I: Of worms and men
Since it's the summer season (or was), the programme of events have taken over proceedings and this years slightly different approach to the programme is starting to pay off (or was!). Encouraging visiting experts to talk about their research on the island has been cited as an area for potential improvement, and of course this was fine with me becasue I do get very sick of my own voice as the season gets under way (the Essex in me does slip off the tongue on occasion), and its also nice to sit back and listen for a change.
Approaching the specialists hasn't really been that difficult, as most reseachers love to talk and enthuse others about their work on the island.This is especially true of Dr Kevin Butt from the University of Central Lancashire who has been investigating Rum earthworms since 1995 and I really do think he loves them! One of the main findings from Kevin's work is that earthworm communities have significantly incresesed in number where woodland had been re-established on the island.He has bags of enthusiasm for our little slippery friends and all who attended our organised field excursion around the village and evening lecture on the 21st May got heaps from it.These events were part of the much bigger Highland Soil Biodiversity Festival (part of Scottish Biodiversity week) which aimed at getting folk understanding the importance of soil.
|Due to the bulk addition of mainland soil at Kinloch, the area supports 12 species of earhworms including this one, Lumbricus terrestris|
And soil is pretty fundamental, so just a quick recap if you don't know why eathworms are so good for that muddy stuff under our feet; that very stuff we humans depend upon for our own continued survival I might add. So here are some facts we should all remember about earthworms as they are an integral part of that soil.
Earthworms have been termed 'ecosytem engineers', because they change the structute of their environment by making both horizontal and vertical burrows.These create pores through which oxygen and water can enter and by which carbon dioxide can leave.Worms are also responsible for mixing soil layers and incorporating organic matter into it which becomes available to bacteria, fungi and plants, so assist greatly with decomposition.In fact, they're so important that the man himself Charles Darwin concluded [that], ''It may be doubted if there are other animals which have played such an important part in the history of the world as these lowly organised creatures.''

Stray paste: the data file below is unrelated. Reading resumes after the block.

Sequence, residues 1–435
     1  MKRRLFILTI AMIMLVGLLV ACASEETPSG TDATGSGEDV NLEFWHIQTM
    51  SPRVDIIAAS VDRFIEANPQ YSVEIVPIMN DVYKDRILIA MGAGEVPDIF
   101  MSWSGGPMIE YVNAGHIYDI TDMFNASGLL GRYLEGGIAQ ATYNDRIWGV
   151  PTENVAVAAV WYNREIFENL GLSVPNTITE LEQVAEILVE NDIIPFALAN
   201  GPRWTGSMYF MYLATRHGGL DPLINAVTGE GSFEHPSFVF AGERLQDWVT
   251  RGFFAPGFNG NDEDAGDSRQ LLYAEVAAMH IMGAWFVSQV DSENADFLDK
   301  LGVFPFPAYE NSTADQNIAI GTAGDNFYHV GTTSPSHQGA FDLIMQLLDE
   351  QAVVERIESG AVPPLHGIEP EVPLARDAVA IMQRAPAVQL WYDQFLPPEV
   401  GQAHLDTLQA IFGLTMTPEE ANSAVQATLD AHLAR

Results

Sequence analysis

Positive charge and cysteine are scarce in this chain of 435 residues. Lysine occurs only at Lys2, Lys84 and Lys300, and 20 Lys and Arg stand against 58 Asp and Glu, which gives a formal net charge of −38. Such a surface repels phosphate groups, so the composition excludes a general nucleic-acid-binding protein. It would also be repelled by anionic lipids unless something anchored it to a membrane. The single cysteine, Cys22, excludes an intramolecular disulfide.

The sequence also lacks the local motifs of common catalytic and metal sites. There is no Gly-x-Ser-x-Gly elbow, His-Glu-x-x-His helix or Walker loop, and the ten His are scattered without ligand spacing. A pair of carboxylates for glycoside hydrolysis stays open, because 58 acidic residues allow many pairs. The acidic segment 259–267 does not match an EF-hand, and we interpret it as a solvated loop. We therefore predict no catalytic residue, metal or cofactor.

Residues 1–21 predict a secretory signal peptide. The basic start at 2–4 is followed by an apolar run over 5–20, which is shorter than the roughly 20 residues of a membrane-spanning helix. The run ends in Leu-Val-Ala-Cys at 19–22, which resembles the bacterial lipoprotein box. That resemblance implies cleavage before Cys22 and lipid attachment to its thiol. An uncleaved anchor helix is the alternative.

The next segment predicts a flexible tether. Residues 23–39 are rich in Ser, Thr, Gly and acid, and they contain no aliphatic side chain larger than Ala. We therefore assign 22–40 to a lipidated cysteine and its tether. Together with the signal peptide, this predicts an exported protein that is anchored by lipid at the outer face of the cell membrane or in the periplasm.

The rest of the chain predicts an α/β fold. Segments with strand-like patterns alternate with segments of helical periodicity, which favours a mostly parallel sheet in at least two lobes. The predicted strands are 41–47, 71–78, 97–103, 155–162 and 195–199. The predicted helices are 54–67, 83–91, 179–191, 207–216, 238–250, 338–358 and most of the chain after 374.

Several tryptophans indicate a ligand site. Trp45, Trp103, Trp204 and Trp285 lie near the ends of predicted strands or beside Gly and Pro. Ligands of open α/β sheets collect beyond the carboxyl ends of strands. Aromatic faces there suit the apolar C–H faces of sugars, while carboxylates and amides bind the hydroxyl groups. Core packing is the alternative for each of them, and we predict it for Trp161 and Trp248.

Dr Kevin Butt and Dr Chris Lowe from the University of Central Lancashire stunning worms at the soil surface.Please note that no worms were harmed during the making of this science.
|A worm in the hand is worth two in the bush|
|Lochaber Geopark's Jim Blair|
II: The crazy summer of cetaceans
As you would expect from the height of summer, Cetaceans (whales and dolphins) and seabirds have been much in evidence around the waters off the island from about the end of May onwards. Consequently, there's been much interest in the weekly two hour boat trip to the Isle of Soay aboard the MV Sheerwater this season (especially when it was free for a while).
I have also been trying out our larger supply vessel (the MV Loch Nevis) for its suitability for wildlife watching (as if I hadn't already), as a near perfect opportunity arose after contacting the organisers of the first Wild Locharber Festival.They are aiming to promote wildlife and eco-tourism in this under valued area of the Highlands.All in all, it was a good first taste and a great way to scope out something special for next year when the whole event is expected to gather momentum.2012 events were all organised very quickly, as the funding package was only finalised a month before! The day was a bit of a marathon however, as I was on board for an epic ten hours seawatch and irradiated to a cinder.On the cetacean front only a few harbour porpoise were seen all day, but heaps of manx shearwaters and other seabirds were on hand to connect folk with our fantastic marine environment, so job done.Here are some of the better photos.